Perato

No anvils in Alaska? What to use for substitute.

Recommended Posts

Hi all,

I've been wanting to work with metal for almost for about 5 years now, and my journey in the Air Force has finally given me time to pursue this interest. There is one problem I have run into though. I live in Alaska, and cannot find an anvil anywhere. I have heard of people using railroad rails as a low quality substitute and I am wondering if this is ok to start with. I want to start perfecting scroll work, tool making and repair and possibly blade making.

Thanks for your time

Share this post


Link to post
Share on other sites

Hi and welcome to IFI. I live near Fairbanks and your so right. Finding an anvil here is difficult. If you look up the Alaska Blacksmiths Association and join you may find one faster. Also, I may be wrong, I think they can get pieces of RR rail. Thats what I started with. Its a good substitute untill you find one. Also a railroad car knuckle. A large piece of plate. Say, 3.5" wide by 12" square. will make a fine anvil on end. Keep as much mass as you can under the hammer. A piece of square bar or round that is around 4" sq or round in a bucket of concrete is also a very good post anvil and many many knife makers use them as their primary anvils.

Share this post


Link to post
Share on other sites

Thank you, I'll try to look around for some rail laying around the old railyards, I might get lucky. I'll keep an eye out for those plates that the rails attach to as well. I see about finding a metal scrapyard to see what they have lying around. So the most important thing is that the mass that the rail or metal is attached to is significant to bleed away the energy from the hammer blows?

Share this post


Link to post
Share on other sites

How about a heavy chunk of Dozer? far better than a piece of rail Mass directly under the hammer is what's important.

The japanese katana are forged on anvils that look like a rectangular hunk of steel. No heel, no horn and folks often consider them to be OK even if forged on such a simple anvil.

Share this post


Link to post
Share on other sites

I started out using a small section of rail then a train coupler knuckle and eventually an anvil. I was stationed in Kodiak and could get things brought up on a C-130. Check with some of the air crews and see if they might be willing to transport you one if you can get someone in the lower 48 to help on this end. Until then, the advice you've been given about scavenging up some large pieces of steel is sound advice. You will find a sense of pride in "making do" with what you have available. Good luck and thanks for your service!
You can check with one of the metal shops on the base if you are at Elmendorf and you can also check at Ft Rich. There should be some machine shops in Anchorage.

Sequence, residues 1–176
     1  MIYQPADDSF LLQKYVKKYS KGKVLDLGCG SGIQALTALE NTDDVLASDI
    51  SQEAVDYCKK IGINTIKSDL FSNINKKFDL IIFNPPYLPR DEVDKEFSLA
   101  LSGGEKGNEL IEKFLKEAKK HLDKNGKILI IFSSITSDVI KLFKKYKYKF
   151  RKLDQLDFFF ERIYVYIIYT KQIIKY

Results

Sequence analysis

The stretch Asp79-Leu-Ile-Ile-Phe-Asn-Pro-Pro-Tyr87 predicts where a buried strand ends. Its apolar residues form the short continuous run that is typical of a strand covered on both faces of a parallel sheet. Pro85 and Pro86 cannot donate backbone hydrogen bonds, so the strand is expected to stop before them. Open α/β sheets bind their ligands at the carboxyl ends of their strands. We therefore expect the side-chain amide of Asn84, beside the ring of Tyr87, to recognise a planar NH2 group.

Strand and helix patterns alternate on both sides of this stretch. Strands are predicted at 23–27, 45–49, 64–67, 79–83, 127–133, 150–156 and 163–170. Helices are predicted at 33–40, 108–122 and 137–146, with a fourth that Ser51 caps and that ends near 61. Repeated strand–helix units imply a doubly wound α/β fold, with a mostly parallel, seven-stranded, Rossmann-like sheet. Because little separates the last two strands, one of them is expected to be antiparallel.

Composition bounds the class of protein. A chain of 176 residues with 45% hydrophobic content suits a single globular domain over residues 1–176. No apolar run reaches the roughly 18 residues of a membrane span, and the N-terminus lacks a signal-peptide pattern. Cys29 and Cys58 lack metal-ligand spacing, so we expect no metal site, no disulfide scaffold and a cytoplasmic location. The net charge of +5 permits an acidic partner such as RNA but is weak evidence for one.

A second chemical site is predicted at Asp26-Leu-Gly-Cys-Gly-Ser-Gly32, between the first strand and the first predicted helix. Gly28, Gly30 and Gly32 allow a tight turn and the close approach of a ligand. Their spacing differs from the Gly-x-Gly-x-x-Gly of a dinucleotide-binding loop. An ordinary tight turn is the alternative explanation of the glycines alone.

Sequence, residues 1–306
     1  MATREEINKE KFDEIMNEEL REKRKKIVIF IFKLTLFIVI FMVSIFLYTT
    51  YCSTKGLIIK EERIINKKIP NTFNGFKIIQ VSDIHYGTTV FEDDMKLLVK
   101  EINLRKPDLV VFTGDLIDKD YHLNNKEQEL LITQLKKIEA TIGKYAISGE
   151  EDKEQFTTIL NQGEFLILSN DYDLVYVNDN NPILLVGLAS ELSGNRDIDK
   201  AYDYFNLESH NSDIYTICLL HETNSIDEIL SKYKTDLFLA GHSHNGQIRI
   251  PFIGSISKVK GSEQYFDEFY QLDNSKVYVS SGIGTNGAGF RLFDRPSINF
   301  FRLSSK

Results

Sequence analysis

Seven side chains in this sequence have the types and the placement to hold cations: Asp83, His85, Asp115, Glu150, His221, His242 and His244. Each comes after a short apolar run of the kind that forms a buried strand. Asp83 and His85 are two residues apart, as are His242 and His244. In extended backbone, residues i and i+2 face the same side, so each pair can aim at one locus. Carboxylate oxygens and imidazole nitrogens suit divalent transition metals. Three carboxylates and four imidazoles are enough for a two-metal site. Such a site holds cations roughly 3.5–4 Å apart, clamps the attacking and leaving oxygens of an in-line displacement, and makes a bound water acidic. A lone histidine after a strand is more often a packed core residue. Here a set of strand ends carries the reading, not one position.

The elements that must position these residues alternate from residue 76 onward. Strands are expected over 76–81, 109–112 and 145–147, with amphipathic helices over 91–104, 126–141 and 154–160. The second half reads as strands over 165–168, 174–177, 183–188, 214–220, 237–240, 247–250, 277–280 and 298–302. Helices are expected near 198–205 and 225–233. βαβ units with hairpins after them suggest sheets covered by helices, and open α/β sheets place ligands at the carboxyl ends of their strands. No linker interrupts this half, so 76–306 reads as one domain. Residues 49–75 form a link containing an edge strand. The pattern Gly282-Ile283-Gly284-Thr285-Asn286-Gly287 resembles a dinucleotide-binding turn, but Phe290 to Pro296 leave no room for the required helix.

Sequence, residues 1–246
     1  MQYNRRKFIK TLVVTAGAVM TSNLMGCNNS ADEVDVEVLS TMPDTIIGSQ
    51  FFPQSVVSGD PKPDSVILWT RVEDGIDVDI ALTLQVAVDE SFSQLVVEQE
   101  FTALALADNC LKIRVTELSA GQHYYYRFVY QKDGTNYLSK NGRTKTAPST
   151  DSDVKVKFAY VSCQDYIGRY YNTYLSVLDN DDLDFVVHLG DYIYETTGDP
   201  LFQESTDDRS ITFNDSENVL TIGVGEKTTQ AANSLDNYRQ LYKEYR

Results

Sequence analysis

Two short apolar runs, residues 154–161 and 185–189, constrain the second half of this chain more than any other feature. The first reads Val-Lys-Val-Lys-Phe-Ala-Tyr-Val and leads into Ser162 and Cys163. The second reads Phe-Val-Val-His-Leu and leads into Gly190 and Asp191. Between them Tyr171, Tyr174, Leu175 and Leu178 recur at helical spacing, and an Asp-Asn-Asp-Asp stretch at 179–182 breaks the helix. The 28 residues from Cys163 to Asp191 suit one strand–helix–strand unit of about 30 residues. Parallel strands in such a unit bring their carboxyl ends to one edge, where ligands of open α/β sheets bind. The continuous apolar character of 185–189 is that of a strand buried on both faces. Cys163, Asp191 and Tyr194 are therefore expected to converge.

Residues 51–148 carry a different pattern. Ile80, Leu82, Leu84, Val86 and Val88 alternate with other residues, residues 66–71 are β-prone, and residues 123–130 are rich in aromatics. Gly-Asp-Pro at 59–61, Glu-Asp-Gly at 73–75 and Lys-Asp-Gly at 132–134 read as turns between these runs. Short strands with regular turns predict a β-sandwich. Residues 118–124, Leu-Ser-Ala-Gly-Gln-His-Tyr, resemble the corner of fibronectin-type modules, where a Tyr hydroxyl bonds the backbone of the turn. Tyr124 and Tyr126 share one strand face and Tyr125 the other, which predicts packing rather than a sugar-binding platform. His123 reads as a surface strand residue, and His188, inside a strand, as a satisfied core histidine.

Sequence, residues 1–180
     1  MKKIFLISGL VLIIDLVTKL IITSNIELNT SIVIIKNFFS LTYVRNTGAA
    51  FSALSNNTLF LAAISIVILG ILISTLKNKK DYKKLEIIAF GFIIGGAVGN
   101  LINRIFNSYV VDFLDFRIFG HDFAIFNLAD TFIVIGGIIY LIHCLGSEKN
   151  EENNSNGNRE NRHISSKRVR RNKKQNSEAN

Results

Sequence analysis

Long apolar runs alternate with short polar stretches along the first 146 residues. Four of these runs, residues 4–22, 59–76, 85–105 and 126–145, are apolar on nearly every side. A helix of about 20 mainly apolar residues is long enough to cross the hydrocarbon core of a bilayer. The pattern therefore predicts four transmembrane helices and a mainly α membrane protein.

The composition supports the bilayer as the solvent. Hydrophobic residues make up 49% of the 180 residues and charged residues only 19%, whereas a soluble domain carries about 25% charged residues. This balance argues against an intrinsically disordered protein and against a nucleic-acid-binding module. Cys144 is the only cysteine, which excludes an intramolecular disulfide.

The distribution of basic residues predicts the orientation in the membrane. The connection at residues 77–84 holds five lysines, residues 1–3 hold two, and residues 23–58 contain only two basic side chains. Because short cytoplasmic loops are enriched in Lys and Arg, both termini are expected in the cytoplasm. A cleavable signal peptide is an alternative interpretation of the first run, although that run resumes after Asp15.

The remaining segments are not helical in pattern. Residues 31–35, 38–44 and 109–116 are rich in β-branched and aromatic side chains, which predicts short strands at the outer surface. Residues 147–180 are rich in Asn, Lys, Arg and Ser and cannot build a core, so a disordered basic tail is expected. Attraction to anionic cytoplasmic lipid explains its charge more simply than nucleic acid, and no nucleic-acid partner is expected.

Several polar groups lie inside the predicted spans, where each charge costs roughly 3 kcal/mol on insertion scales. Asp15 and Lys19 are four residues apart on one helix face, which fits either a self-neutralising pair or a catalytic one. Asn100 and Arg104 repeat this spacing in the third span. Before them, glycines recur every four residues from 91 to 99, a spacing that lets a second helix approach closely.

Mark <><

Share this post


Link to post
Share on other sites

I am in Anchorage, please do join us at the Alaska blacksmithing group on Yahoo, We have quite a few members and it would be worth posting a message for one. we meet quarterly and actually just had Brian Brazeal up teaching a class.
http://groups.yahoo.com/group/AKblacksmiths/
London pattern anvils are very versatile tools, but there were literally centuries worth of metalwork done with out them. master works of creative genius were wrought using any number of different styles and materials.
PM me if you have any questions or if there is anything I can help with.

Share this post


Link to post
Share on other sites

Yea, I am at Elmendorf so I will have to pop into metals tech and see if they have any scrap lying around that could be used. I am excited to get started!

Share this post


Link to post
Share on other sites

I am in Anchorage, please do join us at the Alaska blacksmithing group on Yahoo, We have quite a few members and it would be worth posting a message for one. we meet quarterly and actually just had Brian Brazeal up teaching a class.
http://groups.yahoo..../AKblacksmiths/
London pattern anvils are very versatile tools, but there were literally centuries worth of metalwork done with out them. master works of creative genius were wrought using any number of different styles and materials.
PM me if you have any questions or if there is anything I can help with.


I'll definitely join! It would be great to have some local experience as well as some people that know where to go locally for supplies and whatnot.

Share this post


Link to post
Share on other sites

I have 3 pieces of 2.5"x4.5"x18" and 2 ea 2.5"x6.5"x18" steel in the back of my truck got it free Friday from a forklift fork mfg here in town. I also picked up a hole fork from a forklift salvage yard for scrap price. Look around for shops that do work on forklifts...

Also, call http://www.alaskasteel.com/steel.htm and ask if they have 4" or 5" square solid cutoff pieces.. You can do as small as 12", knuckle height would be great!

For a forge, go to a plumbing/heating A/C co....Ask for an old freon tank. I assume Alaska has A/C??? Line the forge with Inswool and refractory cement. Buy/build a venturi burner and start hammering!

Share this post


Link to post
Share on other sites

Marksnagel: When I was welding for the Coast Guard on Kodiak in the late 1970,s there was a treasure trove of blacksmithing tools there at the South end of the island. Sailing ships from San Francisco used to come up to get Salt Salmon in barrels to take back South. I was there in a little TaylorCraft so couldn't bring back any of it. Complete shop!!!
Perato: Even though there is a blacksmith association there(which did not exist when I was there) don't think they've gotten all the "good stuff". Alaska is a big state and there are old shutdown canneries all over the place. They all had shops. Start asking questions and snooping!!! Good Luck.